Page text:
Back in 2015, Cynthia Butler Jackson experienced life on the streets, in homeless shelters, at rescue missions. Her soft, quiet voice — spoken in the third person — described the hardship she faced, almost like an out-of-body experience.
She’s moved beyond that level of hardship now and has a roof over her head with her family.
She was one of a handful of people who listened in on a homelessness committee meeting at the Ed Ball Building on Thursday morning and took time to urge the committee to continue to improve conditions for those facing homelessness. She told them she was encouraged by efforts the committee is making to help.
“Today, real homelessness looks like me,” Butler Jackson told the Infrastructure Homelessness Subcommittee, one of dozens of committees Mayor Donna Deegan put together to find solutions to critical city problems. “Compared to 2015, there has been a total change. … I’m glad I’m here today so I can witness for myself that things are changing.”
The homelessness subcommittee is finalizing a list of short- and long-term recommendations to alleviate the number of people who find themselves without shelter. Like a network of other committees — ranging from affordable housing and minority issues to parks and health care — a completed list of suggestions is due to the mayor by Sept. 5.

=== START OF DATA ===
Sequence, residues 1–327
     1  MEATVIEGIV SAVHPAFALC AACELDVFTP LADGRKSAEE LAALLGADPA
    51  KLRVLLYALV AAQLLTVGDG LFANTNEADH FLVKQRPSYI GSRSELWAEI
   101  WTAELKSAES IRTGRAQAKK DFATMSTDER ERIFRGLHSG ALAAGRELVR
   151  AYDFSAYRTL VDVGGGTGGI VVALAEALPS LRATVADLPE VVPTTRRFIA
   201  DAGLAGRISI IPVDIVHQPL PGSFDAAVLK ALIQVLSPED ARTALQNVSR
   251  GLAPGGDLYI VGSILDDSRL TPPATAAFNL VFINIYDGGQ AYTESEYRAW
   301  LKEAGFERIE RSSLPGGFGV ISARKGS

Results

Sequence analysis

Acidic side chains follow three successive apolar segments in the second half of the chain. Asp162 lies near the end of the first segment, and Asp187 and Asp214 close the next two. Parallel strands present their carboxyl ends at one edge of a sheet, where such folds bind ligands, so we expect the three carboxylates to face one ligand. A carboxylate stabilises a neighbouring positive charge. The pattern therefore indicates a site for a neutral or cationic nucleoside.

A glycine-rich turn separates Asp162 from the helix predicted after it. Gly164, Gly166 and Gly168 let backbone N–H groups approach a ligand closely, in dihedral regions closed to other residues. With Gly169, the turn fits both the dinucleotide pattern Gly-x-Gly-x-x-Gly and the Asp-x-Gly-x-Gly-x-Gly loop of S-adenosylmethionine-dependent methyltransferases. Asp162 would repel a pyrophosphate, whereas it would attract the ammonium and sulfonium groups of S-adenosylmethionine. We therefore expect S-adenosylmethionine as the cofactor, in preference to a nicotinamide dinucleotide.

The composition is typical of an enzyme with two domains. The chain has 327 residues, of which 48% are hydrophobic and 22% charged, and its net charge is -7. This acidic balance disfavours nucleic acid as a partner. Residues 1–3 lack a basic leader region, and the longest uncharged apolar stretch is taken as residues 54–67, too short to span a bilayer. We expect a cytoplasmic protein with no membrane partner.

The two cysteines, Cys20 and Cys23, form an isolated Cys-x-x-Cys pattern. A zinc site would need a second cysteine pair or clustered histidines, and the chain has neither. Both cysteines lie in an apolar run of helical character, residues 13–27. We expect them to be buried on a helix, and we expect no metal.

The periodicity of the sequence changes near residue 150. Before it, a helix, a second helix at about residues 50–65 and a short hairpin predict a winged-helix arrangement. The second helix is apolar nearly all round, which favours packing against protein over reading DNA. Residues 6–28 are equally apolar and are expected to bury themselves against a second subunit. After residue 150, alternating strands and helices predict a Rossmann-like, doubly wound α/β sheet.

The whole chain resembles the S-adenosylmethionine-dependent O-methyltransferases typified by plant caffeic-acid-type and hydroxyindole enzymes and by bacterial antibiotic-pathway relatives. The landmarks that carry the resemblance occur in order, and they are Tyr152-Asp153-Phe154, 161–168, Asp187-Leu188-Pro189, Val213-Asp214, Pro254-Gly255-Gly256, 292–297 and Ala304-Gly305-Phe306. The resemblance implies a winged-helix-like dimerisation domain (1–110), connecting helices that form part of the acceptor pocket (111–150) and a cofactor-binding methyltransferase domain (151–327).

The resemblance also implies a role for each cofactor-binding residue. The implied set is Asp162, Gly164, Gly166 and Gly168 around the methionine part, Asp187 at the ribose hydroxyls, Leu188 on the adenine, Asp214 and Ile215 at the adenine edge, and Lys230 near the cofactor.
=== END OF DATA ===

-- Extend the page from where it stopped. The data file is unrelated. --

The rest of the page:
Among the short-term ideas in the draft document:
- $200,000 for a diversion/problem-solving pilot program, to help divert 10% of people seeking immediate assistance out of the homeless response system and back into safe housing for at least 90 days.
- $200,000 for a “non-congregate shelter fund” through the city welfare department — to avoid shelters becoming inundated when a building has been condemned or must be shut down. Committee Chair Dawn Gilman noted how the system was overloaded after the state closed down the Gold Rush Inn in December 2020.
- $100,000 to help fund more federal funding through Housing and Urban Development grant matching.
The committee also listed ideas that require little or no funding, including creating a city list of homelessness providers that are members of the Continuum of Care operating in Duval County. The committee also would like to see the city set a solid goal, targets and measurements for reducing the homeless population, which could be funded by the $100,000 allocated through the Committee of Quality of Life Issues.
Longer-term recommendations include securing recurring funding through different revenue streams, such as a potential food and beverage tax.
Another suggestion — which the mayor’s affordable housing subcommittee also is looking into — is adjusting zoning so more multifamily housing can be built and providing incentives to for-profit developers to build more housing, including “extremely low-income” housing.
The committee also wants developers who build multifamily housing and also receive city funds to set aside 10% to 15% of units as affordable housing or put the equal amount of those units into the DuPont/city of Jacksonville housing trust fund.
Gilman, CEO of Changing Homelessness, said the homelessness issue has been studied comprehensively. Now, the focus needs to be on laying out a solid plan and funding it. She does not feel $500,000 is a hurdle as a buy-in from the city, given that most of the funding support from agencies like Changing Homelessness and the Sulzbacher Center are coming from the federal government.
If homelessness is a priority issue for all involved — and Gilman says it clearly is — she wants to know where the direct funding is to solve it.
“Where’s the focus if this is considered a priority,” Gilman said. “Where’s the direct funding to solve it?”